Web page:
It’s the “information age,” not the “good information age.” Accurate information on any topic can be hard to find, and the VA loan process is no exception. From inaccuracies posted on message boards to bad blogs, there is an abundance of VA loan myths out there.
Let’s tackle the five most common VA home loan myths and reaffirm the strength and flexibility of this unique financing tool. It only takes minutes to fill out our VA home loan application, so start today.
Fact: A 640 FICO score is a common cutoff among some VA lenders. Let’s put that into perspective.
FICO credit scores range from 300-850 (850 being a “perfect” score). In 2016, the average FICO score for conventional (meaning non-VA and non-FHA) loan purchasers was 737.
Knowing that 850 is a “perfect” score, and 737 is the average conventional score, 640 seems pretty lenient, doesn’t it? Myth busted.
If you’re worried your credit may affect your chances of getting a VA loan, you can take advantage of the free Veterans United Lighthouse Program which guides veteran homebuyers on the path of homeownership by helping strengthen their financial profiles.
Fact: If buyers pursue a home in poor condition, the VA appraisal is certainly nightmarish. Otherwise, the VA appraisal isn’t terribly different from the average conventional appraisal.
Appraisers use the VA’s “Minimum Property Requirement” (MPR) guidelines to determine if a home is safe, structurally sound, and sanitary. MPRs include the following:
It’s clear from reviewing MPRs that VA loans are not designed to fund fixer-uppers. The VA wants service members to purchase solid, move-in ready homes, not dilapidated duds. Choose a home in good condition, and the VA appraisal will be a breeze.
Fact: No one is guaranteed a loan. Even service members with VA loan entitlement.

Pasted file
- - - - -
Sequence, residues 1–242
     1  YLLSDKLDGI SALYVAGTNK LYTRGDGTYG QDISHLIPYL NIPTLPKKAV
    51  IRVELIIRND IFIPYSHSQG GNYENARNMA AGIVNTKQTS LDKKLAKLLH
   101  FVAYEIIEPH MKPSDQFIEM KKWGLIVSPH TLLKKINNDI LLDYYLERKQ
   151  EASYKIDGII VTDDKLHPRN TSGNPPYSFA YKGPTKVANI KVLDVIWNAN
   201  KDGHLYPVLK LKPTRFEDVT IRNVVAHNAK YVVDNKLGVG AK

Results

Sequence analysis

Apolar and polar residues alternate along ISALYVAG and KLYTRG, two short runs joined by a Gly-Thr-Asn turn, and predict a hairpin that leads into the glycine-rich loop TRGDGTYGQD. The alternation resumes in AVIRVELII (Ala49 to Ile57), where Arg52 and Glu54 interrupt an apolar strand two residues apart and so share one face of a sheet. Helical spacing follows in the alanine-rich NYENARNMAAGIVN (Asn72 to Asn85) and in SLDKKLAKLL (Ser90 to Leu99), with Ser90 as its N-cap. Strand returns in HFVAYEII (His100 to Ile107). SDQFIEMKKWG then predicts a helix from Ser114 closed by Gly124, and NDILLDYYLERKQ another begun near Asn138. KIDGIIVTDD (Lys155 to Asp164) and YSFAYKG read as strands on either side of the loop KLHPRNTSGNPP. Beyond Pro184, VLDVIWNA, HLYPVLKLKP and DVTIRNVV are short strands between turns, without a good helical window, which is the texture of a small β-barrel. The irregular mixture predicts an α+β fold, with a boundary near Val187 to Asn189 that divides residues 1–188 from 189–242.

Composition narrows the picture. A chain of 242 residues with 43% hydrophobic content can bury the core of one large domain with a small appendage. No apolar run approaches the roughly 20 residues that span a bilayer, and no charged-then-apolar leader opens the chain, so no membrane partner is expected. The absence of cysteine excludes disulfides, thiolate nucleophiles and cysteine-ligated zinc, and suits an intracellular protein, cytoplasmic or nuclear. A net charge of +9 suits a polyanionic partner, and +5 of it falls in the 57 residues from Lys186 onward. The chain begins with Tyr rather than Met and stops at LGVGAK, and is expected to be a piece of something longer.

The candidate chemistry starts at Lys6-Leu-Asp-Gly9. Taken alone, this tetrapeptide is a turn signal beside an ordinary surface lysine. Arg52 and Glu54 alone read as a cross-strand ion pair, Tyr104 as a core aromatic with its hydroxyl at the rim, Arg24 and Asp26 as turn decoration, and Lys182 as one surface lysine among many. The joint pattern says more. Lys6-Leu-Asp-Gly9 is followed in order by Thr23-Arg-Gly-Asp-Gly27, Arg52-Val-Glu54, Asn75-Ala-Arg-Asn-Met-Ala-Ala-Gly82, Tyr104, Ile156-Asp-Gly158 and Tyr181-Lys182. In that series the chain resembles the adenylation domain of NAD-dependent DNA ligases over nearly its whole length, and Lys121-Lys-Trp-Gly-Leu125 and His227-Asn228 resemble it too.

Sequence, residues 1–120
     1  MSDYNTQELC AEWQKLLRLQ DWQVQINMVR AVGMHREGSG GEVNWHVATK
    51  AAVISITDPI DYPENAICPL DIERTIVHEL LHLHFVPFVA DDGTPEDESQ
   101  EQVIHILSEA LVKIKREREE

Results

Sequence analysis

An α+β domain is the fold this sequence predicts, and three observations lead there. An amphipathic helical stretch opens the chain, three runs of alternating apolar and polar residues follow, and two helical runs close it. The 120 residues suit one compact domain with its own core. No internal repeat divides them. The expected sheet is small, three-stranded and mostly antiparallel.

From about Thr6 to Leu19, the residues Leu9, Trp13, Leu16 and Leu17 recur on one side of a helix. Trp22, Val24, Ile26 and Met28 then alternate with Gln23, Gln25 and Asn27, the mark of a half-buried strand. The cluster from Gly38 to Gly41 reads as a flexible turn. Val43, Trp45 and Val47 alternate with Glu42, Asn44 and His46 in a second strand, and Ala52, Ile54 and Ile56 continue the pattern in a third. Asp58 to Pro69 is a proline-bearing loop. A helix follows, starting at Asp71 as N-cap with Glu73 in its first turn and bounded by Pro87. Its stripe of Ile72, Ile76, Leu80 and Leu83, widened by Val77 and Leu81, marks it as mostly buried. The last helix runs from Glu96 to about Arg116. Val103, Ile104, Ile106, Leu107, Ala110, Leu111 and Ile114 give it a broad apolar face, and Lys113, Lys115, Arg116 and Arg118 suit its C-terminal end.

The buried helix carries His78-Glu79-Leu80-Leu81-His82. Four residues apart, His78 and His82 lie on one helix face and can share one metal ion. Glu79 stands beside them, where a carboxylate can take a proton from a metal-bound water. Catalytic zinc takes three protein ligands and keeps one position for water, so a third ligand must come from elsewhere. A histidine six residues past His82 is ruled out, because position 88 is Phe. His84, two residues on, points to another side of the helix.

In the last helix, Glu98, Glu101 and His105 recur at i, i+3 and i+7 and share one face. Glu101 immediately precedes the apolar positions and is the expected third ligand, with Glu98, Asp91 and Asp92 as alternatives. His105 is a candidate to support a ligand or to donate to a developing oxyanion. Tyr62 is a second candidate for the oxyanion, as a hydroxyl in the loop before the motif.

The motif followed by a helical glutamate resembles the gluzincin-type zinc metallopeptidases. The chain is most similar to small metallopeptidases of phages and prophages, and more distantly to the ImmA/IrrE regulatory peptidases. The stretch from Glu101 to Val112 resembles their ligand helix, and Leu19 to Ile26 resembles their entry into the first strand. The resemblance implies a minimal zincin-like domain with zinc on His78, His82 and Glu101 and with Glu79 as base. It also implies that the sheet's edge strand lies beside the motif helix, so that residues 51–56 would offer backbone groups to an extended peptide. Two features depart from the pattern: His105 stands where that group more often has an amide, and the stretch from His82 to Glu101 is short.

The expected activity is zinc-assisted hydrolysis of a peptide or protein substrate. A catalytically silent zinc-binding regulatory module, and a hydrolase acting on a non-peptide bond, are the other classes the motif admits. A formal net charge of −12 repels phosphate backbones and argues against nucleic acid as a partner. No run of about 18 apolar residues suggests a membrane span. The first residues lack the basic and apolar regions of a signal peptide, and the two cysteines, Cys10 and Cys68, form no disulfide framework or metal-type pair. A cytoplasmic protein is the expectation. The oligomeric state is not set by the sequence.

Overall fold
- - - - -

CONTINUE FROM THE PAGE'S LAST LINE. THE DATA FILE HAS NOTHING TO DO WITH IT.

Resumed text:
The word “guaranty” often pops up in VA loan discussions. Consequently, many buyers think military service entitles veterans to a “no strings attached” VA loan.
Not so. The VA loan guaranty refers to the amount of each VA loan that is backed by the government (usually 25 percent of the loan). In case of default, the amount under guaranty will be paid back to the lender by the government.
Just remember that “guaranty” is much different than “guarantee.” Each VA loan is under “guaranty,” but no one is guaranteed a VA loan.
Fact: The VA loan is one of the only mortgages available that doesn’t require a down payment.
There are rules surrounding this perk, but most qualifying service members who purchase within VA loan limits don’t have to make a down payment.
Fact: VA loans are more forgiving than other loan products when it comes to bankruptcy and foreclosure. Getting a new conventional loan after foreclosure requires a 3-year waiting period; bankruptcy requires a 2-year wait.
The bounce-back time to obtain a VA loan is shorter. VA lenders will want you to wait two years before applying if you have a foreclosure or Chapter 7 bankruptcy on your record. If you’re currently paying on a Chapter 13 bankruptcy, it’s possible to obtain a new VA loan with a 12-month history of on-time payments.
But while it’s certainly possible to obtain a VA loan within a short time after a foreclosure or bankruptcy, applicants need to do more than “wait it out.” VA loan applicants need to polish every aspect of their borrower profile, including credit scores, payment histories and employment status.
And that rule goes for every potential VA loan recipient. While it’s important to recognize the flexibility afforded by VA financing, VA lenders aren’t handing out loans to anyone with a social security number.
Just as with any loan product, there are standards to meet, and criteria to satisfy. But for our dedicated service members transitioning to a shaky economy, it’s certainly nice to know that VA loans are more borrower-friendly and accommodating than other loan options.
And that’s a fact.
If you’re ready to move forward with your VA loan or have any further questions, comment below or speak with Veterans United loan specialist at 855-870-8845.
A VA Loan is a mortgage option issued by private lenders and partially backed, or guaranteed, by the Department of Veterans Affairs. Here we look at how VA loans work and what most borrowers don’t know about the program.
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